Just weeks after going public with his terminal brain cancer diagnosis, Tom Parker and his wife Kelsey have quietly welcomed their second child.
After The Wanted star bravely shared his shock diagnosis, his bandmate Max George, 32, today revealed that Kelsey gave birth to their son a week ago.
“I spoke to him yesterday and he’s doing good, he’s doing great,” the Strictly Come Dancing star told ITV’s Lorraine.
“Kelsey gave birth to their second child last week. He’s a fighter, Tom will be alright.
“If you’re watching by the way, mwah, I love you all.”
Aged just 32, Tom is currently undergoing a intensive chemotherapy and radiotherapy in a bid to shrink a tumour in his brain and give him more time with his beloved family, which also includes daughter Aurelia Rose, one.
The first sign of trouble surfaced in July when Tom thought he’d suffered a seizure. Worried about his sore back and a mark on his head, he attended A&E but was sent home.
Still feeling concussed, he returned for a second time and was placed on the waiting list for an MRI scan.
In the meantime, Tom, Kelsey and Aurelia headed off on holiday in Norwich but while there, he suffered a second seizure and was immediately admitted to hospital for four days of tests.
Tom then received the devastating news he never imagined he’d hear, and because of Covid, he had to face it alone.
He had stage four glioblastoma – an aggressive form of brain cancer – and it was terminal.
Tom told OK! Magazine: “They pulled the curtain around my bed and said, ‘It’s a brain tumour.’ All I could think was, ‘F*****g hell!’ I was in shock. It was a lot to deal with by myself. I still haven’t processed it.”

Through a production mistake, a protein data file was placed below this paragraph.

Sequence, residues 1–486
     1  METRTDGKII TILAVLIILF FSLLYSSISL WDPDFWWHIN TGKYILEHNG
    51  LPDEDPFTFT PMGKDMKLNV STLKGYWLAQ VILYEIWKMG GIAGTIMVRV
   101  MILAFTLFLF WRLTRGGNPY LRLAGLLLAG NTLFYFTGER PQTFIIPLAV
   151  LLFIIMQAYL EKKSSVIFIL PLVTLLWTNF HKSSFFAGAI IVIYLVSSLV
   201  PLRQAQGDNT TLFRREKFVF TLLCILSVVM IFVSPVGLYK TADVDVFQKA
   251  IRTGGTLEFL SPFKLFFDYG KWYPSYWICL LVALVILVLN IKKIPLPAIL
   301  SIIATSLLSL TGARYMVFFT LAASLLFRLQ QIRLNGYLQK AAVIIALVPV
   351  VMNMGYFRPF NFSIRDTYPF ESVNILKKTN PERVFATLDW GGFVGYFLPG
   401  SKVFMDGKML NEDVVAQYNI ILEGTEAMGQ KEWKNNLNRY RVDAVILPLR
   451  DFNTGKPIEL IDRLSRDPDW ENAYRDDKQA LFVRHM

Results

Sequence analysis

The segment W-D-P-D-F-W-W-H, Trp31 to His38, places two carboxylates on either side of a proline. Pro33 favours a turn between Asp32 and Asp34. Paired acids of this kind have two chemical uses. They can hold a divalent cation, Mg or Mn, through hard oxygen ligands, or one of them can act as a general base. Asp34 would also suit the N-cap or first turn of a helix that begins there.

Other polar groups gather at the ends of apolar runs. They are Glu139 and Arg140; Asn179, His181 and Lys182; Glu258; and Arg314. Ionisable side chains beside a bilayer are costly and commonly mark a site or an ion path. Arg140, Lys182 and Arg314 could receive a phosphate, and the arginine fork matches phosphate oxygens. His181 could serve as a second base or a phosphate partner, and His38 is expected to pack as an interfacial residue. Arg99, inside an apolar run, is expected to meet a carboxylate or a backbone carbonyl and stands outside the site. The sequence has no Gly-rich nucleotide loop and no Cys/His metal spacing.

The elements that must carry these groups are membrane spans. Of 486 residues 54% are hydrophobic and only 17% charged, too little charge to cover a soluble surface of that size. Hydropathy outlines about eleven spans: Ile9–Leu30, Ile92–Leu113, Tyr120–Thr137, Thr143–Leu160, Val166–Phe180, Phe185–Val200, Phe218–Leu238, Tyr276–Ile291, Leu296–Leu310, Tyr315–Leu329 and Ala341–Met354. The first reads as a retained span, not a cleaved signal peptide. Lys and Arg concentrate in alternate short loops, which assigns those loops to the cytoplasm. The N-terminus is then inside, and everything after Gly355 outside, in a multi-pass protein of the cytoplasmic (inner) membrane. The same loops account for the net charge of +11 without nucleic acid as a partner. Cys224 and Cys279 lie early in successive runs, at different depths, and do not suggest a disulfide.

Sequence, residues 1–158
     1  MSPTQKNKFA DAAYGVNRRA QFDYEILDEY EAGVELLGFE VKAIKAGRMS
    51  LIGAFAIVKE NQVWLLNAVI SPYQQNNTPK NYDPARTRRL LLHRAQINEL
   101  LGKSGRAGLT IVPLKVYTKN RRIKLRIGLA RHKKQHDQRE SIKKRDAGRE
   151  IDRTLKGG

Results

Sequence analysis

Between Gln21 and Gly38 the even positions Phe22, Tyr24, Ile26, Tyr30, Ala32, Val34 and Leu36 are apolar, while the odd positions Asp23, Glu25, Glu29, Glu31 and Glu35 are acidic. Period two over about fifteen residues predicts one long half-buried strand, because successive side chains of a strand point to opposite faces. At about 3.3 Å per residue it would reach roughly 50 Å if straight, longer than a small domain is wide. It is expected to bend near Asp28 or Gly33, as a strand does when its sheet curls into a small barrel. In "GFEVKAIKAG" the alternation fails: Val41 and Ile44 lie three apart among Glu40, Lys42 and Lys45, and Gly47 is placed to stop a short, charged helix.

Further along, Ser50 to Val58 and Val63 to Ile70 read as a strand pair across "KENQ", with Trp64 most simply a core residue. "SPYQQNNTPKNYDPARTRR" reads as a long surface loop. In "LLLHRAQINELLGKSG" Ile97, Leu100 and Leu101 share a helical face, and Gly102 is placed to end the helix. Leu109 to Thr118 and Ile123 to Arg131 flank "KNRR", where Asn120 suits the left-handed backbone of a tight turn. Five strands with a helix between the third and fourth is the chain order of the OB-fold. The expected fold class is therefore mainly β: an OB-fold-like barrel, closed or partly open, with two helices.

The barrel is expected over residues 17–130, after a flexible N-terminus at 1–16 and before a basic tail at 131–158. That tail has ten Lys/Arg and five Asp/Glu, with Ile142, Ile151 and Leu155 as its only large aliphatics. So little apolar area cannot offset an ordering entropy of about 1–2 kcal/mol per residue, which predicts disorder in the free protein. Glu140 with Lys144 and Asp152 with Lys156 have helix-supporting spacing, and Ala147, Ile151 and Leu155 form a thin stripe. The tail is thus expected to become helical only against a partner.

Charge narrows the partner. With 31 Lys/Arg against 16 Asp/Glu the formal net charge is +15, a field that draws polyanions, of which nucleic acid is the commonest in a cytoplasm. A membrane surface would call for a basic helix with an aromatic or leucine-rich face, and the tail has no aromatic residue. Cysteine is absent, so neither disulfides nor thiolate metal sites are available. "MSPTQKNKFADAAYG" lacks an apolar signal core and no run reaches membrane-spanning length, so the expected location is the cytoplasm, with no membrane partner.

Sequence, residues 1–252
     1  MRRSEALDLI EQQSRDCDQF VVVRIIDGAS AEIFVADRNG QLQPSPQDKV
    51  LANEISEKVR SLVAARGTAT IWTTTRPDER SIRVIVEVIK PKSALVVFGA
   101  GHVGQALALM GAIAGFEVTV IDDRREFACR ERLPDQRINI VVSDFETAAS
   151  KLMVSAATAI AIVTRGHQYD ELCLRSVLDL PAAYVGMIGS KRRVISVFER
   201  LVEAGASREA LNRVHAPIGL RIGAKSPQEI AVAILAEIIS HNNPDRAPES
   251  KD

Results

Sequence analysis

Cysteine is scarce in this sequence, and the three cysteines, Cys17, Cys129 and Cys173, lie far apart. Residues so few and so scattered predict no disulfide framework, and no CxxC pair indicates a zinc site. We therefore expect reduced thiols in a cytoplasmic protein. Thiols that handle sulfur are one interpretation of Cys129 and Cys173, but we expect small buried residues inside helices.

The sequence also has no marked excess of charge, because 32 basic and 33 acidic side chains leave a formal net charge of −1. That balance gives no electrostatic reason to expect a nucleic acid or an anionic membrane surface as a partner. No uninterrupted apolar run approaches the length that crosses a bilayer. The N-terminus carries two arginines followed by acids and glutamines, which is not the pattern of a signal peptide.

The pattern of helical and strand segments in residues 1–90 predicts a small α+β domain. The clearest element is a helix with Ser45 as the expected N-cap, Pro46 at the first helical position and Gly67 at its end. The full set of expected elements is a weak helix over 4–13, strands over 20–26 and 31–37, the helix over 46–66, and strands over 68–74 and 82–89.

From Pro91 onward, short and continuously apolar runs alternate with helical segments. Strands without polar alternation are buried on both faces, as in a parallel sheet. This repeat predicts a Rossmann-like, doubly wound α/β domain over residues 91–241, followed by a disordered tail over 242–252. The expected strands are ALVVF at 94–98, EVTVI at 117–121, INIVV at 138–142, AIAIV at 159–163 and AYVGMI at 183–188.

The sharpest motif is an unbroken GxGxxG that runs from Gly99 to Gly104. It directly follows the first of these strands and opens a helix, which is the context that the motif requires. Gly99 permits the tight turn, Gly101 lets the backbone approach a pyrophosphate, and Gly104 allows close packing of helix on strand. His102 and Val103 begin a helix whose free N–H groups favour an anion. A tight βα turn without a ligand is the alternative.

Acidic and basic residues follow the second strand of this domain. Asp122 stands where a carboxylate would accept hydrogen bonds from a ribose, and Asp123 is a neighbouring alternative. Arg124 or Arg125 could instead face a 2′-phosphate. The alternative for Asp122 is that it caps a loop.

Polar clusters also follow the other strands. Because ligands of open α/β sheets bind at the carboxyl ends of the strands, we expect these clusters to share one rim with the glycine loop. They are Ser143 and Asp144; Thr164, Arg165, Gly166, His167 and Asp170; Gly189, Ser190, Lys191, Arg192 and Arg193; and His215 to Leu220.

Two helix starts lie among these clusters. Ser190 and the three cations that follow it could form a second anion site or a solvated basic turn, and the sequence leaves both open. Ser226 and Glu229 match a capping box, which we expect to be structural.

Kelsey added: “It was horrendous. They rang me and told me over the phone. They said, ‘It’s a tumour and it’s worst-case scenario.’ They also told us it was inoperable and what the treatment would be. I was in a complete state.
“My friend Kelsey was with me and she just said, ‘Don’t pass out.’ It was like everything stopped. Obviously being told you have any tumour is bad, but to be told you have the worst one is a lot to take in. All I could think was, ‘What’s going to happen and what is our life now?'”
Tom is now being treated at Kings College Hospital in London, where he is undergoing back-to-back radiotherapy and chemotherapy for six weeks in the hope of controlling the disease.
After that, there may be a month-long break followed by six months of chemotherapy.
Heartbreakingly, the condition has an average life expectancy of three months to 18 months from diagnosis.
However, Kelsey told Tom’s brother – who went in her place to the hospital – not to let the doctors tell him how long he had left because he would ‘count down the days and not live his life’.
Also giving them hope is that fact that numerous people they have been talking to were given just months to live but are still alive five years later.
And Tom has vowed to do everything in his power to stick around for his children as they grow.
“I’m going to be here, I’m going to fight this,” he said. “There are so many stories of people who were given a bad prognosis and are still here five,10, even 15 years later. We’re going to fight this all the way.”